board OK, CB2 chair sends panel’s views to beep
When Community Board 2 voted on the Downtown Brooklyn Plan last month
it failed to reach a consensus on a recommendation — effectively
taking a pass on its chance to forward its official analysis to the borough
president and City Planning Commission.
But faced with explaining itself to Borough President Marty Markowitz
this week, board chairwoman Shirley McRae and Land Use committee chairman
William Vinicombe submitted a letter on behalf of the board urging Markowitz
to consider the Land Use committee’s recommendations anyway.
Those same recommendations were shot down on Feb. 3 when the full board’s
vote — 19-17 with three abstentions — failed to provide a majority
decision of the 40 members present. This week, some board members questioned
the propriety of submitting recommendations that had failed to win the
full board’s approval.
“We did not have any recommendations to put forth to City Planning,”
said McRae, adding, “It’s not uncommon for a board chair to
write letters attesting to the work that had been done.”
In the letter, submitted to Markowitz, a copy of which was also sent to
the City Planning Commission, McRae says lack of consensus “does
not negate the concerns expressed by the committee’s recommendations.”
Instead, the letter explains that there was general consensus among board
members and the vote was over strategy — whether a ‘no’
vote with recommendations or ‘yes’ vote with recommendations
would carry more sway.
“The split revolves around whether the concerns of the community
and formulation of sufficient mitigations would best be accomplished by
working with the city during implementation of the zoning amendment or
by outright opposition to the plan,” the letter reads.
Several board members were also asking this week what happened to a survey
conducted by the board’s district manager, who contacted almost all
of the board’s 50 members following the nullified vote.
The board’s executive committee decided not to use that report.
“We look at many different avenues how to address a project, we don’t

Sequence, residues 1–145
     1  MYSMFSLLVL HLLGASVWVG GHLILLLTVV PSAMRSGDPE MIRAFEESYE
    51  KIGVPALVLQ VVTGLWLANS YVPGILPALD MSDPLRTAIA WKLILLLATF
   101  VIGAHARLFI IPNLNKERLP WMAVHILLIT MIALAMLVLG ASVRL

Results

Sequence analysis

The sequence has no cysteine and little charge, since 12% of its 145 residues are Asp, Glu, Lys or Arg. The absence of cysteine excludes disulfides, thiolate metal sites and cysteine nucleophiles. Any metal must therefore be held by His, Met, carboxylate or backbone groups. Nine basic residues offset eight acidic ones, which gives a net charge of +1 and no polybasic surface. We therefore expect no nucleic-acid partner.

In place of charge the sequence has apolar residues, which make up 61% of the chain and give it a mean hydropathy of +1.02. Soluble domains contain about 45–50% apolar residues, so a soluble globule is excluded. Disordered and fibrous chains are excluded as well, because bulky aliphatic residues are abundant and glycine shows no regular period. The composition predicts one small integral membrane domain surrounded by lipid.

always use all the avenues we discuss,” said McRae.
Vinicombe told The Brooklyn Papers that after discussing the survey idea
with McRae and with city officials, they decided the district manager
survey was not a good idea.
City officials say they’ve created the Downtown Brooklyn Plan to
keep corporate back office space in New York City,. It would make way
for upwards of 7 million square feet of office space, 1 million square
feet of retail space, 2,500 parking spaces, and 1,000 units of housing.
The plan, which actually contains 22 land use actions, also allows the
city to seize seven acres of private land including 130 housing units,
100 businesses, and a college.
The city pledged to invest $100 million in streetscape and transportation
improvements. But critics have called that investment “chicken feed”
and asked for much more in-depth transportation mitigation efforts.
Over the past several months, the community board worked to draft a comprehensive
set of recommendations including voting for the upzoning — allowing
for soaring office towers. It voted down all condemnation of private land
or evictions except for a city-owned site for a Brooklyn Public Library
cultural library in Fort Greene that would involve displacing only one
The Land Use committee drafted a list of more than 20 suggestions, including
mass transit improvements ranging from reopening the Myrtle Avenue subway
station to widening the platform and stairways of the Lawrence Street
Markowitz must render his recommendation on the plan by March 9. It then
goes to the City Planning Commission and City Council for a final vote.
Updated 4:00 pm, November 10, 2010